Retiring Soon? Questions That You Should Ask Your Dentist

Retirement is only a few years away. Along with making sure your finances are in order, it makes sense to think about future health needs. Specifically, what do you need to know about dental care for seniors?

Now is the time to have a word with your dentist and discuss a few basics. You’ll find that Toronto dentists can provide insights that will make it all the easier to plan for your dental well being in the years to come. During those conversations, be sure to bring up the following topics.

The Reality of Dental Costs After Retirement

How much will dental coverage cost? The fact is that you don’t have a clue. All these years, your employer paid in full for your heath insurance and the dental rider that went along with it. Other than paying deductibles, you really have no idea of what sort of costs are involved.

Keep in mind that OHIP doesn’t cover dental costs in most cases. There’s a narrow range of procedures that might be covered. For things like extractions, cleanings, fillings, and other basics, you will have to look elsewhere.

It is possible to secure a supplementary plan that will provide the type of support that you need. By talking with your dentist, it’s easier to find out which plans the practice accepts. From there, you can check out dental policies and identify the cost, the premium, and the scope of coverage that each one offers.

Procedures You Should Have Done Now

One way to minimize the potential for dental procedures later is to have them done while you’re still part of the work force. While you don’t want to have anything done now that’s not necessary, it never hurts to have your dentist conduct an examination and identify possible work that you will need several years from now. Once you have a list of what needs to be done, the two of you can work out a schedule.

The beauty of this approach is that your employer-provided coverage will take care of most of the expense now. That means you won’t have to be concerned about covering co-pays and deductibles for things like veneers, dental implants, and other issues once you’re living on a fixed income. While there will still be needs that arise, at least you’ve eliminated some of them from the mix.

Adjustments to Your Dental Hygiene Routine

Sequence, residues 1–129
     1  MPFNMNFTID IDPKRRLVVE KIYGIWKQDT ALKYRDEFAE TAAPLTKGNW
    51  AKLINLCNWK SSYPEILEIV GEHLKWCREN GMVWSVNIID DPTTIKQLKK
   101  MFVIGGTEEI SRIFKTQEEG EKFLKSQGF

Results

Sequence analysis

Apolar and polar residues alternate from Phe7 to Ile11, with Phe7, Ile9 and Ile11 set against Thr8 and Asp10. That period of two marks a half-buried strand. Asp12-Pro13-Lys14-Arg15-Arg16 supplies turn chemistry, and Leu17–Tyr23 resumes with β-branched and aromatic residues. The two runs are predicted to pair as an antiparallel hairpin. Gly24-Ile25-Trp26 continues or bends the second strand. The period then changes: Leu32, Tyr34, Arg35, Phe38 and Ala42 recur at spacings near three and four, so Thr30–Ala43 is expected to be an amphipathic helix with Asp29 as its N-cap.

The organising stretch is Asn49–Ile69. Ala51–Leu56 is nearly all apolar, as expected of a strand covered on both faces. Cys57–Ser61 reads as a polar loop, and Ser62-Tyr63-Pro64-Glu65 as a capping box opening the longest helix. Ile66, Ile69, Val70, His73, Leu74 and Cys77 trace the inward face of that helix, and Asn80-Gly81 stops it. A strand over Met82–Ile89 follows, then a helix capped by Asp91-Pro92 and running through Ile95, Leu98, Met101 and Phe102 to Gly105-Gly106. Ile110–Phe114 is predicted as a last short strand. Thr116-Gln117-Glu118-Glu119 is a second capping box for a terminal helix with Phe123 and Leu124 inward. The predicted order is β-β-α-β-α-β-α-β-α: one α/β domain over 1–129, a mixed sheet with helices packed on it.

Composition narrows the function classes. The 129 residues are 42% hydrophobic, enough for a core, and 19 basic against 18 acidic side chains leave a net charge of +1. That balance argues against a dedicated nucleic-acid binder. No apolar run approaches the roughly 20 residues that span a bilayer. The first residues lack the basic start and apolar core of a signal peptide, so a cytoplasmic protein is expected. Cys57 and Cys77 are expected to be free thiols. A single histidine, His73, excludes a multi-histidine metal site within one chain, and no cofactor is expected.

Aging does mean that you may need to make some adjustments to the way you care for your teeth. The good news is that a dentist can provide suggestions on what needs to change. Some of them you can implement now, while others can wait until just before you retire.

What sort of adjustments may be needed? It may be time to think about switching to a different type of toothbrush. Maybe you should consider switching to a toothpaste with a different formula. There may be specific dental hygiene products that the dentist recommends, based on your general health.

There may also be recommendations to your diet that the dentist will recommend. The focus there is on helping to reduce the risk of damage to your teeth, and the ensuing cost of making repairs. That means the dentist may provide a list of foods that could cause damage that you would rather avoid.

Common Dental Challenges for Seniors

As most dentists can attest, the changes that happen as people age will mean an increased risk for certain types of oral health challenges. It’s good to discuss the possibilities with your dentist now, and have some idea of how to prevent them from occurring.

For example, did you know that people past the typical retirement age are at a greater risk of developing xerostomia (dry mouth)? The same is true for coronal caries. You will also be at a greater risk of periodontitis.

Your reaction to treatment options may also change after reaching retirement. Specifically, your body may be more sensitive to some of the medication used with various procedures or the plan for care after a procedure. That includes anesthetics used in many procedures. Your dentist can help you understand what could change, and educate you on alternatives that a dental professional may offer when you reach a certain age.

Planning to See Your Dentist

How often should you see your dentist after retiring? Assuming your dental health is stable, there may not be much of a change. You already have an annual dental checkup, and go in for at least one cleaning per year. It would be in your best interests to at least continue with those two to three visits a year.

Keep in mind the recommendation provided by your dentist will depend on your current health. If you have a chronic health issue, such as diabetes, the suggestion to come in more often is not unusual. This is because other health problems can impact the condition of your teeth and gums.

Remember that dentists are used to hearing all sorts of questions. Don’t feel awkward about asking anything that has to do with your present dental health, or how to take care of your teeth once you retire. Rest assured that whatever you ask is not a new question for your dental professional. Once you have that information, planning for the future will be a little easier.